It is possible for the sources of ultraviolet light to be capable of radiating light in the visible part of the spectrum in order to enable one to utilize dishwashing compositions containing visible light sensitive materials.

Suitable UV-light sources are of the quartz-iodine, xenon or mercury discharge types.

The dishwashing machine should also include suitable control devices to switch on and off the UV-light source or sources and/or to control the output thereof. It may be desirable, for example, to irradiate the dishes and/or the liquor only at certain times during the wash programme. Thus, for example, the delayed switch-on of the UV-light source or sources may be utilized to allow bleach-sensitive materials such as enzymes time to work. Alternatively, the UV-irradiation may only be used in the last rinse of the programme, in which case the composition according to the invention would constitute a rinse product. The control devices should also enable a programme to be selected in which no UV-irradiation takes place. The timing of the UV-irradiation may be controlled by appropriate sensors for parameters such as temperatures, optical density and/or pH.


A series of machine dishwashing experiments was carried out. Tea-stained cups were washed with formulations according to the invention using a Bauknecht GS 455 de Luxe dishwashing machine provided with an ultraviolet light source under the following conditions:

Machine content: 8 liters tap water of 8° German hardness

Washing time: 30 minutes.

The results are shown in the following Table II.

                                  TABLE II__________________________________________________________________________      125 Watt Quartz Iodine        7W 254nmUV light source      (Thorn lightning)             (Penray)__________________________________________________________________________Prod. concentration      mg/l      mg/l      mg/l      mg/lNa--triphosphate      750       750       750       750Na--metasilicate      100       100       100       100PlurafacŪ RA 40.sup.(1)       30        30        30        30NaClO2       50       200       500       500Temperature (°C.)      20 → 65           20 → 28                20 → 65                     20 → 28                          20 → 65                               20 → 27                                    20 → 60Final pH (measuredat final temperat.)      9.1  9.7  9.3  10.1 9.6  --   9.1Score on tea cupsRanking    2    2    1    1    1    1    1(1) excellent to good(2) moderate(3) bad(4) very bad__________________________________________________________________________ .sup.(1) Plurafac RA 40 is a modified oxyethylated straight chain alcohol liquid nonionic surfactant supplied by the BASFWyandotte Comp.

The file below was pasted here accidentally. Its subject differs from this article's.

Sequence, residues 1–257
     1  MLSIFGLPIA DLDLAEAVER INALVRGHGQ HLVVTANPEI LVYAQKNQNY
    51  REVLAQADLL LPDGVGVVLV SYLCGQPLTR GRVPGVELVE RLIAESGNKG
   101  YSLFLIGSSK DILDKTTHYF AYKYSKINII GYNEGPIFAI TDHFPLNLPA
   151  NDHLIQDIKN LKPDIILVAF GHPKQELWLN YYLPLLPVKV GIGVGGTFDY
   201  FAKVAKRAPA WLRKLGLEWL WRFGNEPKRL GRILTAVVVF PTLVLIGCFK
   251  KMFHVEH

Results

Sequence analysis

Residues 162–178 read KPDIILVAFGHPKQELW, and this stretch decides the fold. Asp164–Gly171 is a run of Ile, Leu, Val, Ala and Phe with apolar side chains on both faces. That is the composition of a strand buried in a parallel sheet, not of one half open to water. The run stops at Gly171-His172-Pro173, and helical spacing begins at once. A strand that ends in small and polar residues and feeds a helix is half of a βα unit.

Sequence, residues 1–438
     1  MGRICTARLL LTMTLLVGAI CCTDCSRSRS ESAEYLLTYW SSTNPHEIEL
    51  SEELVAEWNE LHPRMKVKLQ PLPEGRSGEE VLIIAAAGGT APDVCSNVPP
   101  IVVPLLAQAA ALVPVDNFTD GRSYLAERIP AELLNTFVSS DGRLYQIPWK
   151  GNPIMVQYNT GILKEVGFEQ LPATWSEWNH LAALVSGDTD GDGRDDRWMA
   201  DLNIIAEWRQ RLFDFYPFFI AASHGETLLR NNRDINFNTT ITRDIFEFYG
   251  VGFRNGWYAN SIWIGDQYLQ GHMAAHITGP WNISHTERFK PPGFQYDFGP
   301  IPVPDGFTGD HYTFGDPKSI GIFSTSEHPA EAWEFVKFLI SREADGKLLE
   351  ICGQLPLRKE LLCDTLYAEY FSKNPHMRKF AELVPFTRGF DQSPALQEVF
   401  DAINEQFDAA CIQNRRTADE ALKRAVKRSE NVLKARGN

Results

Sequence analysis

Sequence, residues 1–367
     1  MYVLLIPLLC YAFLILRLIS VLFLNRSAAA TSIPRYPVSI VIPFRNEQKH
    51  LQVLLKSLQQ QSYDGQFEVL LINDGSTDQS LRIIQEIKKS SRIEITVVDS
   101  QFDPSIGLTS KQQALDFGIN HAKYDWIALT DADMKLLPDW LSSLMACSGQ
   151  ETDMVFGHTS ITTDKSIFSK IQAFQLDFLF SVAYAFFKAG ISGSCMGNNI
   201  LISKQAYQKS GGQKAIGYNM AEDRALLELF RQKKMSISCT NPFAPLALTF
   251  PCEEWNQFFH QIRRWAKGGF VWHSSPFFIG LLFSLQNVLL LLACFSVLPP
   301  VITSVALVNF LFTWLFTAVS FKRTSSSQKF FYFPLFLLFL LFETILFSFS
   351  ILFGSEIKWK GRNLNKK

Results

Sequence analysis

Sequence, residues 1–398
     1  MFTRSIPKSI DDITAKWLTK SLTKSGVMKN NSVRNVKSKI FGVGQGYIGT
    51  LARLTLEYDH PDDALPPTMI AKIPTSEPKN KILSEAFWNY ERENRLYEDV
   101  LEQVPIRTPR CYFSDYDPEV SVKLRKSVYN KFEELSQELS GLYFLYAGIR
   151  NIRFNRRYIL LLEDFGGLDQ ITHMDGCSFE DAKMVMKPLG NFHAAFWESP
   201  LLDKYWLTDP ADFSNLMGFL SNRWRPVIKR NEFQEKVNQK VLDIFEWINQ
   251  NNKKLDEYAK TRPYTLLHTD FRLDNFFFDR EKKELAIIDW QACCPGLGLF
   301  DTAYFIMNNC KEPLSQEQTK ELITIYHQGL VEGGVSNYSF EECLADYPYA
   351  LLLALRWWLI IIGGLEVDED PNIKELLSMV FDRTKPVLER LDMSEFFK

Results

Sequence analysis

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Referenced by
Citing PatentFiling datePublication dateApplicantTitle
US5096609 *Feb 1, 1991Mar 17, 1992Hoechst AktiengesellschaftDetergent containing sodium disilicate having a water content of 0.3 to 6% by weight
US5213706 *Nov 8, 1991May 25, 1993Lever Brothers Company, Division Of Conopco, Inc.Homogeneous detergent gel compositions for use in automatic dishwashers
US5372740 *Sep 3, 1993Dec 13, 1994Lever Brothers Company, Division Of Conopco, Inc.Homogeneous liquid automatic dishwashing detergent composition based on sodium potassium tripolyphosphate
US5424032 *Dec 13, 1993Jun 13, 1995Diversey CorporationMethod and apparatus for controlling microorganisms
US6921743 *Aug 16, 2002Jul 26, 2005The Procter & Gamble CompanyAutomatic dishwashing compositions containing a halogen dioxide salt and methods for use with electrochemical cells and/or electrolytic devices
US7135448 *Jul 2, 2003Nov 14, 2006Ecolab Inc.Warewashing composition for use in automatic dishwashing machines, comprising a mixture of aluminum and zinc ions
US7196044Jun 25, 2004Mar 27, 2007Ecolab, Inc.Warewashing composition for use in automatic dishwashing machines, comprising a zinc ion and aluminum ion corrosion inhibitor
US7196045Feb 2, 2006Mar 27, 2007Ecolab Inc.Warewashing composition comprising a corrosion inhibitor with Al and Zn ions
US7452853Aug 7, 2006Nov 18, 2008Ecolab Inc.Warewashing composition comprising zinc and aluminum ions for use in automatic dishwashing machines
US7524803Jan 30, 2007Apr 28, 2009Ecolab Inc.Warewashing composition for use in automatic dishwashing machines comprising an aluminum/zinc ion mixture
US7638473Oct 13, 2008Dec 29, 2009Ecolab Inc.Warewashing composition for use in automatic dishwashing machines, and methods for manufacturing and using
US7759299Jul 24, 2006Jul 20, 2010Ecolab Inc.Warewashing composition for use in automatic dishwashing machines
US7829516Nov 12, 2009Nov 9, 2010Ecolab Usa Inc.Warewashing composition comprising a Zn/Al corrosion inhibitor for use in automatic dishwashing machines
US7858574Jun 8, 2010Dec 28, 2010Ecolab Usa Inc.Method for using warewashing composition comprising AI and Ca or Mg IONS in automatic dishwashing machines
US20050003979 *Jul 2, 2003Jan 6, 2005Ecolab Inc.Warewashing composition for use in automatic dishwashing machines, comprising a mixture of aluminum and zinc ions
US20050020464 *Jun 25, 2004Jan 27, 2005Smith Kim R.Warewashing composition for use in automatic dishwashing machines, and methods for manufacturing and using
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U.S. Classification134/1, 510/232, 8/108.1, 8/103
International ClassificationC11D3/395
Cooperative ClassificationC11D3/3953
European ClassificationC11D3/395D
Legal Events
Jul 21, 1981ASAssignment
Effective date: 19810403
Aug 6, 1986FPAYFee payment
Year of fee payment: 4
Jan 29, 1991REMIMaintenance fee reminder mailed
Jun 30, 1991LAPSLapse for failure to pay maintenance fees
Sep 10, 1991FPExpired due to failure to pay maintenance fee
Effective date: 19910630